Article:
Richmond Highway Express (REX) and other Metrobus routes in Fairfax County that have been affected by a strike since October are expected to resume normal service soon, although it’s not exactly clear when.
ATU Local 689, the group representing workers at the Cinder Bed facility in Lorton, announced Tuesday that after 80 days they have reached a tentative agreement with Transdev, the private contractor hired by WMATA to operate the Cinder Bed garage. Details of the agreement have not been released, and a formal vote on the agreement will not happen until Thursday, according to WTOP.
In the meantime, WMATA announced Wednesday evening that the REX and other bus routes affected by the strike will continue running a Saturday schedule on Thursday. WTOP also reported that it may take days before all of the routes get back to normal.
REX buses have been on a Saturday schedule since October 24, when workers at the Cinder Bed facility went on strike. Other Metrobus routes were forced to shut down completely.
The Cinder Bed workers, who maintain and drive Metrobuses but are employed by Transdev, had been demanding pay and benefits similar to what other bus operators in the area make. ATU Local 689 said Metro’s privatization of the garage essentially created “a two-tier workforce” for employees performing the same work.
“Our members at Cinder Bed Road sacrificed for months to ensure that public transit careers were steady paths to the middle class,” Raymond Jackson, President and Business Agent of ATU Local 689, said in a press release. “With this tentative agreement it solidifies that transit companies can’t cut costs at the expense of workers’ ability to feed their families.”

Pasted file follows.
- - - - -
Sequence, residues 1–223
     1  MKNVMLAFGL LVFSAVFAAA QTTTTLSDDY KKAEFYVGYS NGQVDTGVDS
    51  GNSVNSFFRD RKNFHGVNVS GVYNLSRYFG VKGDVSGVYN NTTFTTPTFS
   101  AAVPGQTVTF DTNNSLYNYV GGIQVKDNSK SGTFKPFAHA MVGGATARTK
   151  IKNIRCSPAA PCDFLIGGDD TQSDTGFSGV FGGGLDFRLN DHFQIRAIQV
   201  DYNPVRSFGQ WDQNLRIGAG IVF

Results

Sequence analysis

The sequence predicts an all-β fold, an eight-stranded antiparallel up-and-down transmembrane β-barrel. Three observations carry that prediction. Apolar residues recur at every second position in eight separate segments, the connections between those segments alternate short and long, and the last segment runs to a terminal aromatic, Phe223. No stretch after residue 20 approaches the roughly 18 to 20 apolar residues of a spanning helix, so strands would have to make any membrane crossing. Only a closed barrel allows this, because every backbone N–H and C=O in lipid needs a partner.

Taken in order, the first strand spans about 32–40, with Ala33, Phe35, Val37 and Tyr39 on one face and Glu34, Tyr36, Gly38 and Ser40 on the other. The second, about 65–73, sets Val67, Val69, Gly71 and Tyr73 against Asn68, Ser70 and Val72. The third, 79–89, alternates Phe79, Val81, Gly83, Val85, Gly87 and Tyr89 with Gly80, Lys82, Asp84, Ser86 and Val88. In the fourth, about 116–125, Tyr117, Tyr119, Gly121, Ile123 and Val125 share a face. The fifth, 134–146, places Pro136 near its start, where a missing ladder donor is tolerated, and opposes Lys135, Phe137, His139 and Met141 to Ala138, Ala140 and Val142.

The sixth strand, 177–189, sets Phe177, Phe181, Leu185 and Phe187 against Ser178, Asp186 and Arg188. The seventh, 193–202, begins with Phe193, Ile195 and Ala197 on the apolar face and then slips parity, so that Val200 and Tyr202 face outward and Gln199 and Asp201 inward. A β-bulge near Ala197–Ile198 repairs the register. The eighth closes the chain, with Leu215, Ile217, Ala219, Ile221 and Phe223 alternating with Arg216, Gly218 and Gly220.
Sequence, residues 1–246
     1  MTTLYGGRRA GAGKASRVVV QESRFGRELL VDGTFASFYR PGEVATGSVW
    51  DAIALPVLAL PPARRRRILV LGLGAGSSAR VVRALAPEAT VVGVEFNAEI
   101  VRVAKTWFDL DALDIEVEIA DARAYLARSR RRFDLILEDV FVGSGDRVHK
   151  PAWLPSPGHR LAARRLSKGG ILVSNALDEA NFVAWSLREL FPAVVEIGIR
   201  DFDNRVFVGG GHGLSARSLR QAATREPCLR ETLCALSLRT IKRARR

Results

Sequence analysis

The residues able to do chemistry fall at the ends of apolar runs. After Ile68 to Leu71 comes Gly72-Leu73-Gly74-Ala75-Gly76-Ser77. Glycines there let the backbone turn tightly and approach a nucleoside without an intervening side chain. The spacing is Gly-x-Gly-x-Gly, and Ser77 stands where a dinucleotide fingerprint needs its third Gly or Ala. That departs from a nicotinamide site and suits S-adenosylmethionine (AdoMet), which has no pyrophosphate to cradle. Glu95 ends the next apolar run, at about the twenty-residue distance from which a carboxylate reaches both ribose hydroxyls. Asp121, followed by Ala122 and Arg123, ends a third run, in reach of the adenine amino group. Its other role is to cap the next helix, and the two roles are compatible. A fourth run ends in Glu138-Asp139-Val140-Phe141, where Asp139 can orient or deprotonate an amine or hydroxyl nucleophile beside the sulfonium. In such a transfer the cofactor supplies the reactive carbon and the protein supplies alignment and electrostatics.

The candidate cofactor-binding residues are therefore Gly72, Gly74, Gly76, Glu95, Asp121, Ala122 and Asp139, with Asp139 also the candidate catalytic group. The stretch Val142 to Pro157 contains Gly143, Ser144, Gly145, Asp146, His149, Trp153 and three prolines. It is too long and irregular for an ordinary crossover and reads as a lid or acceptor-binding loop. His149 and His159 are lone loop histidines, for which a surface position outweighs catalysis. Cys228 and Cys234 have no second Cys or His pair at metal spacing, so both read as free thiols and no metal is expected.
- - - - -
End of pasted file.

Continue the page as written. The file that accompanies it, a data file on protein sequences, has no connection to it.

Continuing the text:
Fairfax County Board of Supervisors Chairman Jeff McKay said Tuesday that he has been involved in the ongoing negotiations, and called the agreement to end the strike “good news for everyone.”
“I’m pleased to hear about the better wages that have been negotiated, and that service will soon return for commuters following additional action from the union,” McKay said. “After weeks of outreach, I was glad to help resolve this strike and remain confident that WMATA’s recent labor deal on wages and benefits will protect the system’s drivers and mechanics moving forward.”
McKay and new Braddock District Supervisor James Walkinshaw also put forward a board matter at Tuesday’s meeting of the Board of Supervisors asking the Fairfax County Department of Transportation look into recovering money from Metro due to the lack of service provided during the strike.
“[T]he operating funds we provide Metro are based on an expectation of service,” McKay said. “This fiscal year, due to the prolonged work stoppage, Metro did not provide the service promised.”